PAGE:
Many were already panicked by events like the October 2018 Pittsburgh synagogue shooting and the murder of a congregant at Chabad of Poway, Calif., the following April, both by lone gunman right-wing extremists. The announcement of the audit by ADL CEO and national director Jonathan Greenblatt highlighted the “historic” levels of anti-Semitic incidents and the “record” number of violent assaults that will scare even more people.

That the numbers were released during a global pandemic—when fears about history repeating itself with hatemongers ready to blame Jews for the spread of a new plague in the form of the coronavirus—further exacerbates the anxiety many are feeling while they struggle to cope with life under quarantine lockdowns.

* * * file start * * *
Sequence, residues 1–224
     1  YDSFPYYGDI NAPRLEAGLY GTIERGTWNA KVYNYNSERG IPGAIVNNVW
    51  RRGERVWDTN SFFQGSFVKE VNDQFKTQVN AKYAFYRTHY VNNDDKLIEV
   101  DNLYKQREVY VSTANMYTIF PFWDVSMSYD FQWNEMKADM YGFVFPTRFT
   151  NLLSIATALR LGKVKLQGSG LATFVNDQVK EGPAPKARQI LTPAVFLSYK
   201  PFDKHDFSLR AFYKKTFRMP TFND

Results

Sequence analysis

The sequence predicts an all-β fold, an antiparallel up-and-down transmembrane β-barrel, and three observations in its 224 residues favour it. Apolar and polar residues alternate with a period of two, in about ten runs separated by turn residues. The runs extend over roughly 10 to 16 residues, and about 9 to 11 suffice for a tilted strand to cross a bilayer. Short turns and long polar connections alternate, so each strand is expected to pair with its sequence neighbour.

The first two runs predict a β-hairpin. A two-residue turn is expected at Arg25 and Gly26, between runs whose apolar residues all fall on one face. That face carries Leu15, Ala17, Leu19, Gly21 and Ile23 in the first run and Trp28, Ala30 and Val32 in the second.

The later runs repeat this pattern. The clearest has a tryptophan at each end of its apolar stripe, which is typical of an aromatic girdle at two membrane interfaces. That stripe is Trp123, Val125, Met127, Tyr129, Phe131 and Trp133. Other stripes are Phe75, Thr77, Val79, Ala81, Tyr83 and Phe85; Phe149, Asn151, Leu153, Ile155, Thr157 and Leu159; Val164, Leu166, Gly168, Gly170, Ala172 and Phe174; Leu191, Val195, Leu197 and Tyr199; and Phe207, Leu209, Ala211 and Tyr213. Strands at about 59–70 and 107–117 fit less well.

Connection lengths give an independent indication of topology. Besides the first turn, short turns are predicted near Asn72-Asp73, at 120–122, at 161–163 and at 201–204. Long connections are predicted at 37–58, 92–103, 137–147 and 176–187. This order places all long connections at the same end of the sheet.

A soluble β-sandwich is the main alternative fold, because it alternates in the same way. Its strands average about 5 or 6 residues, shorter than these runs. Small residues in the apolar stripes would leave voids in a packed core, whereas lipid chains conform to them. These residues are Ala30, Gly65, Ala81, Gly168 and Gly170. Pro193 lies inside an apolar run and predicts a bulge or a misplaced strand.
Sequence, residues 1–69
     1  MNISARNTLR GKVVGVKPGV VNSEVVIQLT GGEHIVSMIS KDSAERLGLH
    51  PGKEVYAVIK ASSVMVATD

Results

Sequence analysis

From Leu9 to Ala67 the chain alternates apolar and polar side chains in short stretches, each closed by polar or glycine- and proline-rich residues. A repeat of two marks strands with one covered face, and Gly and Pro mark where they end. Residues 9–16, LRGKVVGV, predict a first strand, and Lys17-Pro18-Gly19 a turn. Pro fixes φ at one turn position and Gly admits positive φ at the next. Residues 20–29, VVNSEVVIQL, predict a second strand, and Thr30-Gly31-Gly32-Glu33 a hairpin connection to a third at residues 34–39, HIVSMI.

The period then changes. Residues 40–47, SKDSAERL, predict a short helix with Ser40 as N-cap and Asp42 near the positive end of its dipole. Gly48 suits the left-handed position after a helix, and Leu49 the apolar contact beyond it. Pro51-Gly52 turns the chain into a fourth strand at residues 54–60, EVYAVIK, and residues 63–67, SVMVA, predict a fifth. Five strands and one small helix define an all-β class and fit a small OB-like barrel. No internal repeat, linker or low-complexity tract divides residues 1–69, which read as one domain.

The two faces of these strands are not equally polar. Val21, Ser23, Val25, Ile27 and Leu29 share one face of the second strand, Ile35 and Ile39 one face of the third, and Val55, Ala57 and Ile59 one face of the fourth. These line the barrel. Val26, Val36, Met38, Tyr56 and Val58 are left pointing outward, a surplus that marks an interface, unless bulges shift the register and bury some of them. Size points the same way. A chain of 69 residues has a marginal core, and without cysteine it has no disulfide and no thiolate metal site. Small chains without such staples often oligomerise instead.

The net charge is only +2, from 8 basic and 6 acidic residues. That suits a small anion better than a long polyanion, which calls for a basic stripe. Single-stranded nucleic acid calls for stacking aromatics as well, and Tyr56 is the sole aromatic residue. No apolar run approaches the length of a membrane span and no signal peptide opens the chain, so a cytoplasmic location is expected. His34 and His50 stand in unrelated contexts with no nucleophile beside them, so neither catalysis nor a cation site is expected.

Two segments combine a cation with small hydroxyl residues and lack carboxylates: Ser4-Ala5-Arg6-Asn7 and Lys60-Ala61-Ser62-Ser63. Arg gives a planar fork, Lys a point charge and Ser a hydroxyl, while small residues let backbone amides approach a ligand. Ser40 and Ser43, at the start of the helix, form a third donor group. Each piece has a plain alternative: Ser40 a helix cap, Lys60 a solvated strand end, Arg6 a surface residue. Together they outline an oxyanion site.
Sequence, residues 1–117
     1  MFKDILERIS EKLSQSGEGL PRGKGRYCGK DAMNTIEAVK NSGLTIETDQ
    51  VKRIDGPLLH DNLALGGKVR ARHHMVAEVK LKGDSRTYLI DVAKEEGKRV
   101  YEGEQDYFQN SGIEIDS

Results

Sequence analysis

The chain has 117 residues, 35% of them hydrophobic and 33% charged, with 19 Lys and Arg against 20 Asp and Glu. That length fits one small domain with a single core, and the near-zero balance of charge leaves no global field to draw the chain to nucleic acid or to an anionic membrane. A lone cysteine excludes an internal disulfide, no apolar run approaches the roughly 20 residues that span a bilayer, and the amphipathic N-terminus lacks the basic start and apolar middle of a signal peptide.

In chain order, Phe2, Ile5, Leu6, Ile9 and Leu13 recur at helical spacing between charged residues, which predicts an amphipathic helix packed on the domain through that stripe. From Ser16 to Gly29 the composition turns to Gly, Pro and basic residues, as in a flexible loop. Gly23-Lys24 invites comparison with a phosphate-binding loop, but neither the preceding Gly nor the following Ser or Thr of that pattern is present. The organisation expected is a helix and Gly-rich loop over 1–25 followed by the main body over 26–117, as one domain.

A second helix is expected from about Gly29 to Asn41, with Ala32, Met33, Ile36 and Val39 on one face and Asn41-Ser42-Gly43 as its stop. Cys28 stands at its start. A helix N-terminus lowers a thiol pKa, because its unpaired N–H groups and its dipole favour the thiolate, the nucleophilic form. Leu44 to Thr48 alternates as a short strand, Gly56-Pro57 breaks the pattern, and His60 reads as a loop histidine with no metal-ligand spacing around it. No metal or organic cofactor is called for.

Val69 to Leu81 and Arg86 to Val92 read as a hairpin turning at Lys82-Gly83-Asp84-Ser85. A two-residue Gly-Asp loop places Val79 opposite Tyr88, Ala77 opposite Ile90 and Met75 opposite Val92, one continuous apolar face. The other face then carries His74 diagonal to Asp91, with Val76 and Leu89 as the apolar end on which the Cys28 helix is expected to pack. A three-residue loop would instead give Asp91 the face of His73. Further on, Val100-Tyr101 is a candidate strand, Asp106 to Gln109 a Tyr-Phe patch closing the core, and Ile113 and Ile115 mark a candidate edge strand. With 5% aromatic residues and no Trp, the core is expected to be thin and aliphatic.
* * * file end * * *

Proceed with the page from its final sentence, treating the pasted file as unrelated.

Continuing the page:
Yet there is a difference between rational concerns and the sort of rhetoric that assumes that Americans are living through the moral equivalent of the last days of the Weimar Republic, in which we stand on the precipice as a new dark age of Jew-hatred beckons. The HBO dramatization of Phillip Roth’s counter-factual novel “The Plot Against America” about an anti-Semitic government in the 1940s has become an all-purpose metaphor not only for fears about the rise of hate, but also partisan arguments that seek to depict the Trump administration as morally equivalent to the fictional presidency of the Nazi-appeasing Charles Lindbergh in Roth’s book.